- Fougasse, a type of bread typically associated with Provence (also found with variations in other regions). They are usually sculpted (slashed) into a pattern resembling an ear of wheat.
- Croissants with Pine Nuts….
More on Provençal Produce
Along the Mediterranean coast, anchovies are caught and usually cured with salt. this curing process not only preserves the anchovies, but also intensifies their flavour. Anchovies are strongly present in the french countryside cooking. The Mediterranean coast also supplies a number of local fish and seafood. Found in the coastal cuisine of Provence are trout, bleak, sea urchins, mussels, crabs, small cuttlefish, octopus, and the absolutely succulent small snails. Over there, people even have a snails festival, where the residents of a village get together on a late Sunday morning to savour snails in a variety of preparations.
When it comes to meats, the Provence is famous for its local Sisteron Lambs as well as goats for meats and from which they also make a variety of local cheeses. The region is also famous for rabbit, which grows wild there. As for fruits and vegetables, the valleys of Rhone are the largest fruit and vegetable producing areas of France. There you will find legumes, fennel, aubergines, zucchinis, and an abundance of apples, prunes, peaches, cherries, oranges, lemons and almonds, figs and of course grapes…etc. One remarkable produce of this area is the truffle. Truffles are gathered in Tricastin (the main market: Carpentras). Another specialty produce is Lavender honey of vaucluse.
Wines of Provence
Wine has been made in this region for at least 2,600 years, ever since the ancient Greeks founded the city of Marseille in 600 BC. Throughout the region’s history, viticulture and winemaking have been influenced by the cultures that have been present in Provence, which include the Ancient Greeks, Romans, Gauls, Catalans and Savoyards. These diverse groups introduced a large variety of grapes to the region, including grape varieties of Greek and Roman origin as well as Spanish, Italian and traditional French wine grapes.
Today the region is known predominantly for its rosé wine, though wine critics such as Tom Stevenson believe that region’s best wines are the spicy, full-flavoured red wines. Rosé wine currently accounts for more than half of the production of Provençal wine, with red wine accounting for about a third of the region’s production. White wine is also produced in small quantities throughout the region with the Appellation d’origine contrôlée (AOC) region of Cassis specializing in white wine production.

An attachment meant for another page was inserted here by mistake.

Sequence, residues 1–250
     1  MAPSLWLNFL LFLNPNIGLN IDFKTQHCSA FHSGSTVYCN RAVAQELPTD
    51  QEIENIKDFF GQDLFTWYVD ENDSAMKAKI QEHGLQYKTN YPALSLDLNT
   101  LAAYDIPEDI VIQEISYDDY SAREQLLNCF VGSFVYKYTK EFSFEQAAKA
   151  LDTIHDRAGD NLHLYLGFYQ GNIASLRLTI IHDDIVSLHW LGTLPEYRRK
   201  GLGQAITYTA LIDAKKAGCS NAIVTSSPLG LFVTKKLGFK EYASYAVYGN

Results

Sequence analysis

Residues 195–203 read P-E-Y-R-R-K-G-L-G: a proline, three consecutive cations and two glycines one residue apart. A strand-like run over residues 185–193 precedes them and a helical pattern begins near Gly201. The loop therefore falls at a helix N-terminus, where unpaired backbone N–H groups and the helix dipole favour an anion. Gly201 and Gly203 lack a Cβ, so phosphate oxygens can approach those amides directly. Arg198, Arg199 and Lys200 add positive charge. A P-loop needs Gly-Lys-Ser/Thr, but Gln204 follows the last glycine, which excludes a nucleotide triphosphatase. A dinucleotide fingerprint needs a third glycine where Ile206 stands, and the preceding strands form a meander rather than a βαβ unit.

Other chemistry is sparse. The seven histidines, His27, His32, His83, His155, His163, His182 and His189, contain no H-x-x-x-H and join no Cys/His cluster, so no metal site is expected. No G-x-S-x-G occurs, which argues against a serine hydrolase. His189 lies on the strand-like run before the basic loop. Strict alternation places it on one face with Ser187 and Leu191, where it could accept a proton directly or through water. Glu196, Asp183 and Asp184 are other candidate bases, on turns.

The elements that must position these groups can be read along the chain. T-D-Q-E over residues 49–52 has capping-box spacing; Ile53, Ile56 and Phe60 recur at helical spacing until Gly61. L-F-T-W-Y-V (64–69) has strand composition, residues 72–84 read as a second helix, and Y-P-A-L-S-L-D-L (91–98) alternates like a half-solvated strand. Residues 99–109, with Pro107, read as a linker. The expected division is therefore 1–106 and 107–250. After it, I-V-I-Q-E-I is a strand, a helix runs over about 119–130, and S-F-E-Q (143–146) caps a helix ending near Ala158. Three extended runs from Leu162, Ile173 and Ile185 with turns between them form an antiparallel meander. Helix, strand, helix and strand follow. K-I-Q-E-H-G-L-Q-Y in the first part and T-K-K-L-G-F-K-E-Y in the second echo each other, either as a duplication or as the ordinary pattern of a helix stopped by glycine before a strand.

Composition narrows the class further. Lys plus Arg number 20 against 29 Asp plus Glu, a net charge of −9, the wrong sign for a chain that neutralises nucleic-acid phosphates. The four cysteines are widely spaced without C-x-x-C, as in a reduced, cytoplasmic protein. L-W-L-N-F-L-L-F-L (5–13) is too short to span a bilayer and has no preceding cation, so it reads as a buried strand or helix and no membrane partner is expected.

The Côtes de Provence is the largest AOC followed by the Coteaux d’Aix-en-Provence. The Bandol region near Toulon is one of the more internationally recognized Provençal wine regions.
Among the famous wines of the Côtes de Provence are:
- Côtes de Provence,
- Coteaux d’Aix-en-provence,
- Ugni Blanc,
I find no better way to conclude this post than with these words by John Burroughs, which speak my mind:
“To find the universal elements enough; to find the air and the water exhilarating; to be refreshed by a morning walk or an evening saunter; to be thrilled by the stars at night; to be elated over a bird’s nest or a wildflower in spring – these are some of the rewards of the simple life.”
If you enjoyed reading this post you might also enjoy reading the post “Understanding Casseroles” and “Understanding Soups“
You might also want to try your hand at some Provencal cooking check out the recipes on the links below:
- Ragoût de Poulet Provençal
- Ratatouille Galette
- Nouveau Cuisine Ratatouille
- Coq au Vin Blanc
- Roasted Chicken with 40 cloves of garlic
Will make sure to post more about the Cuisine Provencal and more of its beautiful recipes, so make sure to come back soon and check the new recipes out.